No, the cycle tour doesn’t include lunch at the restaurant, four times named as the best in the world, but it is a chance to see how architecture has helped realise founder Rene Redzepi’s food philosophy. He famously closed his first Noma premises in 2017 and has reopened about 2km away in the former industrial neighbourhood of Refshaleøen.

Designed by Bjarke Ingels, the new Noma is made up of seven buildings by the water and looks like an urban farm: there's a series of glasshouses where produce for the kitchen is grown, bee hives are set among wild grasses and flowers and a candlelit walkway leads to a 40 seater restaurant that resembles a stripped back barn. Food miles have rarely looked so short.

4. Reffen streetfood market & creative hub

There's a sense of stately order about the main streets in downtown Copenhagen, which tend to be lined with beautifully formal 19th and early 20th century (or earlier) tall buildings. But at the slightly scruffy Reffen, in the gritty industrial Refshaleøen, there's a sense of easy-going chaos – and a vast choice of things to eat, drink and see from the 50 or so foodstalls and artsy start-ups . The food trucks include adapted vintage caravans, painted bright colours, freight containers and wooden shacks. All stalls must follow the sustainable rules of reduce and reuse, compost and reduce food waste and use organic, free-range and local ingredients where possible. Open now for the summer.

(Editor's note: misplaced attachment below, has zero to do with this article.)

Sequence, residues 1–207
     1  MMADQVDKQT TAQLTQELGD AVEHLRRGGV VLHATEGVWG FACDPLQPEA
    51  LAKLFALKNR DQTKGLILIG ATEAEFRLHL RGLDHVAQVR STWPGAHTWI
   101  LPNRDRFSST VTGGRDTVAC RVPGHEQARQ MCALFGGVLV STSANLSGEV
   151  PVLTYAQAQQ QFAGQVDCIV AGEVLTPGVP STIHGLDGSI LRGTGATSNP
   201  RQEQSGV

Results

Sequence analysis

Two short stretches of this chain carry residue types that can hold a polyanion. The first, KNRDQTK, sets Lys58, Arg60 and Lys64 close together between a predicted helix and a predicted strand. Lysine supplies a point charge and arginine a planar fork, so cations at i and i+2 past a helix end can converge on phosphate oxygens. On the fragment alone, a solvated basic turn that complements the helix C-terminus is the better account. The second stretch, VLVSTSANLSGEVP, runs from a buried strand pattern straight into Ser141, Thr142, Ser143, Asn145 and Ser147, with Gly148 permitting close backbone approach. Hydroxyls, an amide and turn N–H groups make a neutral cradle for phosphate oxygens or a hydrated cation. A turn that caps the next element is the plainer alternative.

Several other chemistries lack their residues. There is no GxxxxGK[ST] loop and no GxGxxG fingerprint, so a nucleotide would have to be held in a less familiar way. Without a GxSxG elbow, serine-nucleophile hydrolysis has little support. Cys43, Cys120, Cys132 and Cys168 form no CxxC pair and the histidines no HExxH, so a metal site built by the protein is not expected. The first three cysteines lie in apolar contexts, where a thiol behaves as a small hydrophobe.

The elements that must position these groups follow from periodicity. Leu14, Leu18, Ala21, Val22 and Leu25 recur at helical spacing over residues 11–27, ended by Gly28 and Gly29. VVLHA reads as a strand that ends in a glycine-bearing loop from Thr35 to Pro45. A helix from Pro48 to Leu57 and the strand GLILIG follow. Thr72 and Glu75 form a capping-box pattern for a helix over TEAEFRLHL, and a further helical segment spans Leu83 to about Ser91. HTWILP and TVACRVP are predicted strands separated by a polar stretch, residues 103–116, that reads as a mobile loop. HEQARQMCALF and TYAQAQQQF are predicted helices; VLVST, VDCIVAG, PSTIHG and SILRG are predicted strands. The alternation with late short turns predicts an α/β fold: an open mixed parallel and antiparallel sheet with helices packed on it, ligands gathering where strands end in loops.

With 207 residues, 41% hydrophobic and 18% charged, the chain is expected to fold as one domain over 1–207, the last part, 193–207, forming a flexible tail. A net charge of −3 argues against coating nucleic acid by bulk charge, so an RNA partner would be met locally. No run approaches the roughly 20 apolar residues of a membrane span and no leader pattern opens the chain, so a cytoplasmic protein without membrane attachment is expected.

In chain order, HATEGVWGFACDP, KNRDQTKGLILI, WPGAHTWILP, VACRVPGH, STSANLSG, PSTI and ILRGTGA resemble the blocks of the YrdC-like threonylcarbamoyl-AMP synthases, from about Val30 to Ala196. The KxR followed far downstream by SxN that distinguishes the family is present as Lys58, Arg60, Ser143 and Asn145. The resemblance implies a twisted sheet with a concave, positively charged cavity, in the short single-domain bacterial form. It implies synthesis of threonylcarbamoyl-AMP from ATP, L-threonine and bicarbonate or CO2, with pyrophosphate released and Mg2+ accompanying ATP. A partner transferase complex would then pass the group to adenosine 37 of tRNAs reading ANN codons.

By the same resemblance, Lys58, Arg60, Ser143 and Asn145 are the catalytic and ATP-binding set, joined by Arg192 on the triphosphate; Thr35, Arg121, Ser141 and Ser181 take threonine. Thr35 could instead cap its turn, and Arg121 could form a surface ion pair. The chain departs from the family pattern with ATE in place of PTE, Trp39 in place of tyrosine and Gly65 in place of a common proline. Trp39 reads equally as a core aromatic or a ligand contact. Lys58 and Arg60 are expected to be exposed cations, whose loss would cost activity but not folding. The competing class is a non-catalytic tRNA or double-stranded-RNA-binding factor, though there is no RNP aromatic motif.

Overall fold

5. Tietgenkollegiet

See what student housing can look like when there are visionary architects on board (Lundgaard & Tranberg) and a money-no-object budget - Tietgenkollegiet built in 2007 was funded by the Nordea Denmark Fund to create “the dormitory of the future”. Located near Copenhagen University in Ørestad North, a 21st century planned mixed neighbourhood, the cylindrical building is oriented around an inner courtyard.

The oak, copper and glass facade is varied, some parts jut out, some parts are sunken. Built in five sections, each has 12 student apartments with communal kitchens – in the overhanging boxes facing the courtyard as well as roof terraces. At ground level are a series of communal spaces including a laundry, bike store, craft room, sound-proofed music studio and a room with a grand piano. Some 400 students live in Tietgenkollegiet, each paying about €650 a month (easily covered by the grant every Danish student gets) and once in they can stay for the duration of their degree.

6. Copenhill

One of the most talked-about new builds in Copenhagen and a startlingly innovative example of the Danish approach to urban development - best summarised as why build something with only one function when it could do more. Officially called Amager Bakke, the city’s new waste-to-energy plant designed by Bjarke Ingels is nearing completion – expected this summer – and when finished it will have a 400m ski slope, on an artificial surface, running from the top of the 90m building.

An 85m-high climbing wall is being installed on the exterior and there will be a hiking trail along the roof of the gleaming building. A cafe on the top floor will provide 360 views over the city, the sea and towards Sweden.